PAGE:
Cash Flow

Real estate investors are constantly chasing the dream of consistent, passive income that they can use to finance their futures and live the lives they have been dreaming of.

But what does that passive income look like?

Introducing cash flow, the top goal for most real estate investors, getting into the market for the first time and the lifeblood of most professional real estate investors.

But first, before we dive into the wonders of how cash flow can make your investments the key to financial independence and quitting your day job, you need the right mortgage. So, get started the right way by clicking the link below for a free strategy call with our LendCity team today to qualify for the best available rates.

What is Cash Flow?

In short, cash flow is the money remaining from a rental investment after all monthly expenses are paid. Essentially, this is your profit from your investment. As opposed to other metrics such as NOI (Net Operating Income) or cap rate, this accurately judges how much you have made when all bills are settled.

How Do You Calculate Cash Flow?

Cash flow is calculated by taking your monthly rental income from a property and subtracting every single expense the property had that month. This includes mortgage payments, insurance, taxes, maintenance, property management, utilities and any other applicable cost you sunk into your investment.

For example, if you offer a two-bedroom house for $2000 per month with a $1300 mortgage payment and $450 in additional expenses, your cash flow for that month would be $250.

While you can estimate the average cash flow you can expect, you should always check to see how much actual profit you receive from an investment each month.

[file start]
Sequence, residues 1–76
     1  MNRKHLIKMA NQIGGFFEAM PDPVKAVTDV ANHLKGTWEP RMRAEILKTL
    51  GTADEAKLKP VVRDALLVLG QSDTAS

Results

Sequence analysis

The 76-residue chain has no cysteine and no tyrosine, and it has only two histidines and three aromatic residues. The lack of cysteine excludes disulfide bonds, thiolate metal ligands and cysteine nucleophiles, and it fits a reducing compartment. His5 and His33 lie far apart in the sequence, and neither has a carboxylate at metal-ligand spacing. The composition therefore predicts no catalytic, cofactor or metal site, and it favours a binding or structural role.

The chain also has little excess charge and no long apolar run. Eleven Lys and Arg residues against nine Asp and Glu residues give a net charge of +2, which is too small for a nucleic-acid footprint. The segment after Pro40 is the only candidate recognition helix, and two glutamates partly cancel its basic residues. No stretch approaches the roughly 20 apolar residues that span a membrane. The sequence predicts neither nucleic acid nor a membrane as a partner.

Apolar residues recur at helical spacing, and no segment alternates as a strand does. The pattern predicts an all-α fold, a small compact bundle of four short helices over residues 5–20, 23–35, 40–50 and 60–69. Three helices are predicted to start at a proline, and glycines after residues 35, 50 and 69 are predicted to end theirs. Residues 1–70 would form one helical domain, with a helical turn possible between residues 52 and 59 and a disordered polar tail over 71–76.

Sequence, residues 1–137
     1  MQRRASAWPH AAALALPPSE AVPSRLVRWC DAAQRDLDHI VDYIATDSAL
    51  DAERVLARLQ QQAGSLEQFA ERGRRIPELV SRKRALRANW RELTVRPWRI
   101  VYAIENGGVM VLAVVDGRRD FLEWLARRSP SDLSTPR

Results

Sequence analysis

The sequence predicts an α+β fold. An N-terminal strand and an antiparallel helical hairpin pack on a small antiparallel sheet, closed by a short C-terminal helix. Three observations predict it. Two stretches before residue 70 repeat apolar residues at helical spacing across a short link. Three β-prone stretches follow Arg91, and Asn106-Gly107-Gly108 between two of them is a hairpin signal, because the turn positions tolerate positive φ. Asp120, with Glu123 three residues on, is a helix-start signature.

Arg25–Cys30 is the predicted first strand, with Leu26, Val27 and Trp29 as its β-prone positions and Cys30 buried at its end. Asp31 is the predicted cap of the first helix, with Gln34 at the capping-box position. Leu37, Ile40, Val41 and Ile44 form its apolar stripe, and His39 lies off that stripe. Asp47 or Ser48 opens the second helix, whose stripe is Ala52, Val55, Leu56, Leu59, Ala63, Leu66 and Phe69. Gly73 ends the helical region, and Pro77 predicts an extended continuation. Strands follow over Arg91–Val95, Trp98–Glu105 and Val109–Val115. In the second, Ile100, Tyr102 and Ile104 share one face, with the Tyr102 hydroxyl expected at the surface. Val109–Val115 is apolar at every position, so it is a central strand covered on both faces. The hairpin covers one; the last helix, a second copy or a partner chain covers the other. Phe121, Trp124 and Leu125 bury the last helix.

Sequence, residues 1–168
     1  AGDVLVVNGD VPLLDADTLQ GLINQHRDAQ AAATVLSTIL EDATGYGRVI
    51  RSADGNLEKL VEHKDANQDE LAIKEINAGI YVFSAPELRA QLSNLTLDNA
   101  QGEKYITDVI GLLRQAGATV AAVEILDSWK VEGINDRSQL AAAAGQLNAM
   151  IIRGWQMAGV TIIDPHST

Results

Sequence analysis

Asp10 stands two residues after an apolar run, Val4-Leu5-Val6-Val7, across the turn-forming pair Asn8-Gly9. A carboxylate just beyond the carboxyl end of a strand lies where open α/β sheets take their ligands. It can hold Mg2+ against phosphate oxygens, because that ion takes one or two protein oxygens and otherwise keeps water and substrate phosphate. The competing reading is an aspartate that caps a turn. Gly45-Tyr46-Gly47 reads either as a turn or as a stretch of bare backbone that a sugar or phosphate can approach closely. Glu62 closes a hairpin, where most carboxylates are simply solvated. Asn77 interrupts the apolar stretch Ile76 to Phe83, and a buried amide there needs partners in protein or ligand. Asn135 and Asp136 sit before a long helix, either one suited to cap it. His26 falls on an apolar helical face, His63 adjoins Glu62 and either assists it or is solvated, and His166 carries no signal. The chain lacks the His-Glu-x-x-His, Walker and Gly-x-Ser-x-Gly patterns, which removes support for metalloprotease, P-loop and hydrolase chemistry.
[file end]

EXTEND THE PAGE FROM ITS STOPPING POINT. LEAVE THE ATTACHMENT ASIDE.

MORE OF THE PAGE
What is Negative Cash Flow?

Sometimes, you will hear that a property or region has “negative cash flow.” This means that after all expenses are paid, the property has lost money at the end of the month.

You can have individual months where a property has a negative flow, or it can be a consistent trend for a property. However, you need to know that it is not necessarily going to be a bad thing, but it is something you should be aware of.

Sometimes, you will have a negative cash flow month because you spent the month working on renovations and expected it to be down. Or you had a vacancy. Sometimes, investors will willingly buy properties with a consistently negative cash flow because the equity they stand to earn from the property is significant enough to justify the short-term loss.

How Can You Increase Your Cash Flow?

You can increase cash flow on a property in two main ways: increase your profits or lower your expenses.

Some ways you can increase your profits to boost your cash flow are by finding a way to cut down on vacancies, increase rent, or find a way to make a secondary income stream. This can be done through additional dwelling units, renting storage space, parking spots, and more.

You can also lower your expenses by reducing your monthly mortgage payments, cutting unnecessary costs from your property, or finding more cost-effective solutions for your property’s needs.

If You Are Ready to Invest

If you are ready to invest in solid and cash-flowing investments, let us help you by setting you up with the best available mortgage for your needs. To get started today, click the link below for a free strategy call with our mortgage team at LendCity.

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